Grab 5 Lesson By Ben Slavic – A Suggestion About Starting Off An Input Based Class

Put an X mark through the black square once you have done the step:


  • Write these three expressions (any three can be used – perhaps one from a story script you plan to use soon) on the board in L2 and then in L1 so that the students (in this case the teacher who is doing the Grab 5 session with you), can see both languages:

– needs to sneeze
– can sneeze
– sneezes


  • Ask the students (whoever is working with you), first with “needs to sneeze”, if there is a physical sign that they can think of to express this action. When you see a good one, tell the “class” that that one has been accepted, praising the person who came up with the successful gesture. It will be the gesture for “needs to sneeze”. Do the same for the other two expressions.
  • Ask a student if they need to sneeze. They probably will say no unless they have to sneeze right then. Say, “Class, [Jimmy] doesn’t need to sneeze!” and then circle that statement. For details on how to circle, go to the resources page of this site and click on workshop handouts.
  • Similarly, ask a student if they “can sneeze”. They probably will say yes, because most people can sneeze, some louder than others. Then say, “Class, [Jimmy] can sneeze!” and then circle that statement. Don’t let him sneeze, however. Use the gesture when you say the expression.
  • Then, when the time feels right to sneeze, move to practicing the third expression, ask a student to sneeze. Use the best gesture. (You may choose to tell the class not to laugh during all of this – it will create some mirth in the classroom.) Then, when Jimmy acts like he is sneezing say, “Class, [Jimmy] is sneezing!” and then circle that statement. Act like it is a big deal, a wonderful thing.
  • Go around the room (or pretend to since it is a Grab 5 session and you don’t have any students there, or go ask a few students to help you in this work – a Grab 5 session can be done with another teacher and any willing students as well, kids who want to help you get better at it) and ask other students if want to sneeze, can sneeze, or are sneezing.
  • You may want to add a Three Ring Circus here, or maybe someone can write up a Three Ring Circus Grab 5 post for this collection of lessons separately. If you do that, you will need three actual students in the room. Tell each one to go to a different part of the room. Each one will do one of the three expressions in different ways as you circle that. Three Ring Circus is described in TPRS in a Year! on page 35. You can ask the students to sneeze rapidly, slowly, loudly, to the right, to the left, up in the air, with a hand in place as to block (imaginary) spray, with a finger in one nostril, etc.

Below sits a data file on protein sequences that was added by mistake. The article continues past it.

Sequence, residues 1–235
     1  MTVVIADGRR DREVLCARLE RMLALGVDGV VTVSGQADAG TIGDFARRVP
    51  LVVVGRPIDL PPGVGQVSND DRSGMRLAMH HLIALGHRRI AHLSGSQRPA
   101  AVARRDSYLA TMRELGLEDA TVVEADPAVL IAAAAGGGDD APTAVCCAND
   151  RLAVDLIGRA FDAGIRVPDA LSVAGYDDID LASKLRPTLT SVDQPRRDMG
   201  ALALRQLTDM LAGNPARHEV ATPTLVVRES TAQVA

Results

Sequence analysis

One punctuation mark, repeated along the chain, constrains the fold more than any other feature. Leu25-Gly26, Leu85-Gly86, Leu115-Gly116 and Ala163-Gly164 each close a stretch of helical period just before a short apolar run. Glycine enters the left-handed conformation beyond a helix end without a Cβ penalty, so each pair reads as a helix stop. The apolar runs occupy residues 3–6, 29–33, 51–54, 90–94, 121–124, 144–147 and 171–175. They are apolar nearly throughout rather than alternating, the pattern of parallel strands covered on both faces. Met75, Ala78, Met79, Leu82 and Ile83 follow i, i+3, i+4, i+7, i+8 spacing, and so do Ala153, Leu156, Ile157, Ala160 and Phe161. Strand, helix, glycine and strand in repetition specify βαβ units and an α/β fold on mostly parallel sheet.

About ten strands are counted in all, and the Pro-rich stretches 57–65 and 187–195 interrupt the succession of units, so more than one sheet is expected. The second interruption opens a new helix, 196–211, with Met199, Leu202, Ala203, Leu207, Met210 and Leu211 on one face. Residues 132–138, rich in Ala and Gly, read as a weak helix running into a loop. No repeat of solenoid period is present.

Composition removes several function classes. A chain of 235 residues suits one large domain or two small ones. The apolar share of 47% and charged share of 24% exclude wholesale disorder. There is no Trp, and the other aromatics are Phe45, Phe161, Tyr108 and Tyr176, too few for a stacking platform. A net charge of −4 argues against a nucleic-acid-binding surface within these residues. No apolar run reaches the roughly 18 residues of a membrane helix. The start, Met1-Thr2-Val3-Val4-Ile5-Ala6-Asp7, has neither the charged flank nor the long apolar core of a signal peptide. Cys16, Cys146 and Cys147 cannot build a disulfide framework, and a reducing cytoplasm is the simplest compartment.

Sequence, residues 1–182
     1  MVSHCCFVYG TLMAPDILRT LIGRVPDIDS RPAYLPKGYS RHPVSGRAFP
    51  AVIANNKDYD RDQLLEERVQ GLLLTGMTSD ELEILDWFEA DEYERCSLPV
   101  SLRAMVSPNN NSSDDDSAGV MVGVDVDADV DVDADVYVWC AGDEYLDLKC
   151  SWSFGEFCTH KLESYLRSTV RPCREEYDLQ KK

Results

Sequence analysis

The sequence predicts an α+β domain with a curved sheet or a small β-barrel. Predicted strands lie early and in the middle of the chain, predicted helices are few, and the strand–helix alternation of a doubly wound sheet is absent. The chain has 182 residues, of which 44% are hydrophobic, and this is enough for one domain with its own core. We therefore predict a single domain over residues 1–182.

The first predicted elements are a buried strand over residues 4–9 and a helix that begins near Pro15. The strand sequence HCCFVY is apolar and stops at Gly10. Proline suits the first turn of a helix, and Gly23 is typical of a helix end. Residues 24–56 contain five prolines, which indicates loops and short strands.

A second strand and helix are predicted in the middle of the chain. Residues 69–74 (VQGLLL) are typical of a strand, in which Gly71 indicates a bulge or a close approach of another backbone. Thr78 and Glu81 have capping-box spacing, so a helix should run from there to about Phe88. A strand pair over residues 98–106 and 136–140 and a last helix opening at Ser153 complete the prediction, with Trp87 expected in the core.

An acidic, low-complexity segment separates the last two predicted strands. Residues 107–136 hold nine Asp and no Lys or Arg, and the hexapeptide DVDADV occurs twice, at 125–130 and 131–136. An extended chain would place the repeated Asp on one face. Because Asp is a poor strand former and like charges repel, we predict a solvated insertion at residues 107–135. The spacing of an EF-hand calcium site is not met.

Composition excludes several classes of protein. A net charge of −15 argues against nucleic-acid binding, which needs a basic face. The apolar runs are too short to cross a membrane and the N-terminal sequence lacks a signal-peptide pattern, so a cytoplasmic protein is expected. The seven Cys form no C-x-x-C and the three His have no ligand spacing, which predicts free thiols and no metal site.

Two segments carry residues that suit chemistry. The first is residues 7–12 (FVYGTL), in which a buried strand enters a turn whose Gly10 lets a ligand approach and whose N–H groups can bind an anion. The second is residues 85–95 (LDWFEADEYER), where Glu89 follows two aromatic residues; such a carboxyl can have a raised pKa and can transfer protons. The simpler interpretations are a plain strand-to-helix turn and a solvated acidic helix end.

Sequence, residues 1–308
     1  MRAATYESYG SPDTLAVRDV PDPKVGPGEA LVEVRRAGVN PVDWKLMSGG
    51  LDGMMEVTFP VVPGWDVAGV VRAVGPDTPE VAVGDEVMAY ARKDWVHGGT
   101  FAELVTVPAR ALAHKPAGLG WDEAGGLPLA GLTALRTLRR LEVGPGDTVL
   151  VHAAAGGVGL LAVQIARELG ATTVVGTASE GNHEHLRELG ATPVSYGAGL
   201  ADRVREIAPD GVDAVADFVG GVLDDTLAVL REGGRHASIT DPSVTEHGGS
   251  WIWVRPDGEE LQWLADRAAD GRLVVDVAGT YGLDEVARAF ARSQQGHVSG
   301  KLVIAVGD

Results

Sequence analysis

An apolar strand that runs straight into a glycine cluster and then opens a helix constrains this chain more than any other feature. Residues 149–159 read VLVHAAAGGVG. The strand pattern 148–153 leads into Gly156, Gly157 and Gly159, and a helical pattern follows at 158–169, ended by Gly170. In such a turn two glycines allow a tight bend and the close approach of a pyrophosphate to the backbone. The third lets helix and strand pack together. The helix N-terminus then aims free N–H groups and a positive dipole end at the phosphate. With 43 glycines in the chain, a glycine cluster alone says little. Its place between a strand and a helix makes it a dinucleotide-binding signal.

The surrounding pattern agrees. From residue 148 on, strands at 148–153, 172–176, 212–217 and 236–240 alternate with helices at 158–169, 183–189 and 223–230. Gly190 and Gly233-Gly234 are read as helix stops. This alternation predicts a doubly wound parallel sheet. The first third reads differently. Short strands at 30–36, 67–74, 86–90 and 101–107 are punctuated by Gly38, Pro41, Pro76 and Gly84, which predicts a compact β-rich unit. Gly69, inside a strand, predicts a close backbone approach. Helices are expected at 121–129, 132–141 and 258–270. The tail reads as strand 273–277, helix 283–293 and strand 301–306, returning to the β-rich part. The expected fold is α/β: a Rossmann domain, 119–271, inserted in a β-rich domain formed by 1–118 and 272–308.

• Circle all of that, until it runs out of energy. During this time, if you have a student there through these steps, ask them to count on a sheet of paper how many times you said each expression.

[Note: you just finished doing PQA. This is a good time to stop your Grab 5 practice session and process it with your teaching partner. It’s been more than five minutes, most likely, anyway. Very importantly, note that everything you have done so far has been in the present tense. Now, whoever writes the next Grab 5 session on “How To Start A Story After PQA”, make sure you use the step format listed above, and make sure that the person practicing the story asks it in the past tense. PQA is done in the present tense, and the story process is done in the past tense. I will look for this next Grab 5 lesson on what to do after PQA and hopefully is up here soon. In the meantime, teachers are suggested to keep working on the above lesson until we get another one. All sorts of Grab 5 sessions can be done, so don’t hesitate to write one and send it to me for addition in the list, y’all.]



3 thoughts on “Grab 5 Lesson By Ben Slavic – A Suggestion About Starting Off An Input Based Class”

  1. Ben wrote:
    “You may want to add a Three Ring Circus here”
    If you’re interested in knowing more about this, come to iFLT this summer. (July 27-31) Berty Segal Cook will be presenting on TPR and will demonstrate the Three Ring Circus. As excellent as Ben’s description/explanation is, you’ll understand it even better once you have experienced it.
    For more information go to
    Berty Segal Cook is a key figure in the development of TPR and thus TPRS. This summer may be one of her last “public” appearances – she’s apparently planning to retire (at the age 0f 90+) so she can concentrate on other things, like “learning” a language.

  2. the idea of circling sneezes, can sneeze and needs to sneeze was a big aha for me. It’s a good way to get reps while keeping things interesting. has to, needs to, wants to, can, prefers to, should, must… these can be used from the beginning of the year. I tried it with a group yesterday and it worked great! Thanks, Ben.

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